Birmingham's army of park volunteers have launched a campaign against £2.6 million council cuts which will turn park keepers and rangers into endangered species.
The campaign comes as Birmingham City Council is consulting on £87 million cuts across the board, including a major hit on parks and open spaces.
Under the proposals, grass cutting will also be reduced by more than half, well-tended flower beds replaced with wildflower meadows and children's playgrounds removed.
But now Friends of Parks groups, the volunteers who freely give their time to care for Birmingham's many open spaces, are urging supporters to oppose the proposals.
Their umbrella organisation, the Birmingham Open Spaces Forum, is coordinating the campaign and points out that funding for the award-winning service has already been cut by a quarter since 2010.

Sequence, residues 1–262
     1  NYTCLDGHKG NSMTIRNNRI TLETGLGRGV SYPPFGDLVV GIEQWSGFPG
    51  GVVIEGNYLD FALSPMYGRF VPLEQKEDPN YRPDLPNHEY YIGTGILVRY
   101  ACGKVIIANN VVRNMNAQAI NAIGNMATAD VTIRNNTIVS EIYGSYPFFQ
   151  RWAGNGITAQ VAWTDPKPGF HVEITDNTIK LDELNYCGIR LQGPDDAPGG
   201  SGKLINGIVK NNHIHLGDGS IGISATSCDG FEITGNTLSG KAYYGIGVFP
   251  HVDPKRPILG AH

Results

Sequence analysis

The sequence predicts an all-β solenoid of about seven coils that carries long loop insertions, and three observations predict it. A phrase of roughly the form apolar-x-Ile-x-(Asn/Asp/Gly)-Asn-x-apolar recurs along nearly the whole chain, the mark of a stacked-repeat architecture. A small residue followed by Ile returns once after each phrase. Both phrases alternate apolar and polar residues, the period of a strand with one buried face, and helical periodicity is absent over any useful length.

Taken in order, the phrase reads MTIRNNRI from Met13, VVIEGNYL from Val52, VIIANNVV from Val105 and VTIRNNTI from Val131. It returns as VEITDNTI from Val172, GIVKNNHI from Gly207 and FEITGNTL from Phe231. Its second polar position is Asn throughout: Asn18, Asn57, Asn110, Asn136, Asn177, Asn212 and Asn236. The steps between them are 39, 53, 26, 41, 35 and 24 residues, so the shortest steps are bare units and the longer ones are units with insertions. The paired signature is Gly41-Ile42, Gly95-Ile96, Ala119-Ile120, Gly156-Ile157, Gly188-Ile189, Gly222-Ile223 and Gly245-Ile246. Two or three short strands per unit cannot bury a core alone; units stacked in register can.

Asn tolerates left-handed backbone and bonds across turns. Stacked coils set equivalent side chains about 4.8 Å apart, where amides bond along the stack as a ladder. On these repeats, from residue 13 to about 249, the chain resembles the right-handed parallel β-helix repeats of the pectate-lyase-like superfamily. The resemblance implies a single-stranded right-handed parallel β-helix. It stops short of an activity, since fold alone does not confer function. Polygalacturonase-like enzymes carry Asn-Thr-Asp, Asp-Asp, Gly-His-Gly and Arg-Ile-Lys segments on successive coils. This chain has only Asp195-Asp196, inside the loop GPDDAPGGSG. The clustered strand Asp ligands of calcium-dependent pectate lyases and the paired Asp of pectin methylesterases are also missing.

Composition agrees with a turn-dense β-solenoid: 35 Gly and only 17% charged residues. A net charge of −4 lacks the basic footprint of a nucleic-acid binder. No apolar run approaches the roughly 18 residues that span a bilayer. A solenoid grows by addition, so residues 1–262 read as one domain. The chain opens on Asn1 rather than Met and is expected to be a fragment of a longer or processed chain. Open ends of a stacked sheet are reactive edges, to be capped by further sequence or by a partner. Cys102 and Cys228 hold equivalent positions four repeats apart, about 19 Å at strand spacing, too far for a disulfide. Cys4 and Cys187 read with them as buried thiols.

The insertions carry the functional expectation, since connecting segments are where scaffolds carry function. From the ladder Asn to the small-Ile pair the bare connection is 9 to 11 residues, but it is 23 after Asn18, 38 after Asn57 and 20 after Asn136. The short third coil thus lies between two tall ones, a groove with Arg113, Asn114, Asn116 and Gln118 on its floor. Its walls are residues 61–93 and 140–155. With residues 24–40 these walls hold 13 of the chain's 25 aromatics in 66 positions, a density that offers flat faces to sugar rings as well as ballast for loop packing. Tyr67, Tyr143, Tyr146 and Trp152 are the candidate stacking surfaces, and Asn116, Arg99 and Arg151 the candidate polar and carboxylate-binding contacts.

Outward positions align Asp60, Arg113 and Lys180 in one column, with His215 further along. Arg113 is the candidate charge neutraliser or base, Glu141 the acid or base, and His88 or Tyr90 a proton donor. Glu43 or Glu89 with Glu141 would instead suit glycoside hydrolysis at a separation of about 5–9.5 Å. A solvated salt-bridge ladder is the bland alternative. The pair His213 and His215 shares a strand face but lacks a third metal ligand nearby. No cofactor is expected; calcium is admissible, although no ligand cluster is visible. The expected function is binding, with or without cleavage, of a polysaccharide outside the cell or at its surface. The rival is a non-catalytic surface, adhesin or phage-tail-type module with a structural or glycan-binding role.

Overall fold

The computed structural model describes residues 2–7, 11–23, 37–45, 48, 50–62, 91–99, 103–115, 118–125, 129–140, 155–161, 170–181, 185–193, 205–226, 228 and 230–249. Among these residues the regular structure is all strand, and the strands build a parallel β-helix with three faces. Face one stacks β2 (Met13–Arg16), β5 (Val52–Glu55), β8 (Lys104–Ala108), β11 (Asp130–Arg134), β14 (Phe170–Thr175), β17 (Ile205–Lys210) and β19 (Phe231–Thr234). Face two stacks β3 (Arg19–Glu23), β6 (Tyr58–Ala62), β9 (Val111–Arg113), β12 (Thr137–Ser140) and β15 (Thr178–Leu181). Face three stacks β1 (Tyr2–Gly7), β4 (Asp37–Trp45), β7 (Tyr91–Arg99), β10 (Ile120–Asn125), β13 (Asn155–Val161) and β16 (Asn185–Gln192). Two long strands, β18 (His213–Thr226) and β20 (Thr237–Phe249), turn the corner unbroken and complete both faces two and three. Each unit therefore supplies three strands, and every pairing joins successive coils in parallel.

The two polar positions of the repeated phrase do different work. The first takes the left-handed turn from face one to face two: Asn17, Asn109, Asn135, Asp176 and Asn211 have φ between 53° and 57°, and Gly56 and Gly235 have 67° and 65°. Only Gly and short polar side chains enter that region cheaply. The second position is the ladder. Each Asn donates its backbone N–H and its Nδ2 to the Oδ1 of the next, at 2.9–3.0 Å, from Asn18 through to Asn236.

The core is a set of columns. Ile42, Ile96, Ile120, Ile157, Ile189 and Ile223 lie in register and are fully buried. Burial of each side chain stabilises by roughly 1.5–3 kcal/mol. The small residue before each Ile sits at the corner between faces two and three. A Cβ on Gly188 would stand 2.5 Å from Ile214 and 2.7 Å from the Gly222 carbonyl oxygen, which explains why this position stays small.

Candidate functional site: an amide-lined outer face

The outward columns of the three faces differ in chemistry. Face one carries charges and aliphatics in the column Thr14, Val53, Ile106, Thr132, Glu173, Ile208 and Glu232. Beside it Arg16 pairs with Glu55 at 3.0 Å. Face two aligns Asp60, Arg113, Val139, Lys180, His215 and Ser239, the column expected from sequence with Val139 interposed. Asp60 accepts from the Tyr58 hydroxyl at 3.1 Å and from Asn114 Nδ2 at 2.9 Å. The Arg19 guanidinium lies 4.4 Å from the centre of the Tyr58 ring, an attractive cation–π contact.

The cuts include the loss of 16 park keepers, removal of 60 play areas, the loss of eight rangers and a reduction in the woodland team.
In a statement the Forum has warned that such drastic cuts will ruin the service. "Our fear is the hard work that parks staff and volunteers have put in to making our parks the pride of the city, will be wasted," it said.
And added that the assumption volunteers will fill the void is wrong: "Friends of Parks groups already do thousands of hours of work looking after the city's open spaces - saving thousands of pounds.
"This level of volunteering would not be possible without the support of the Park Keepers and Rangers - they provide the basic services and the expert knowledge - without which volunteers cannot add value and they certainly couldn't take on more.
"Volunteers cannot replace jobs, they provide added value - volunteering saves money but it isn't free."
They say that staff cuts will impact on the parks' role as a safe, welcoming place for people to meet, play and take exercise.
Article sourced from Birmingham Post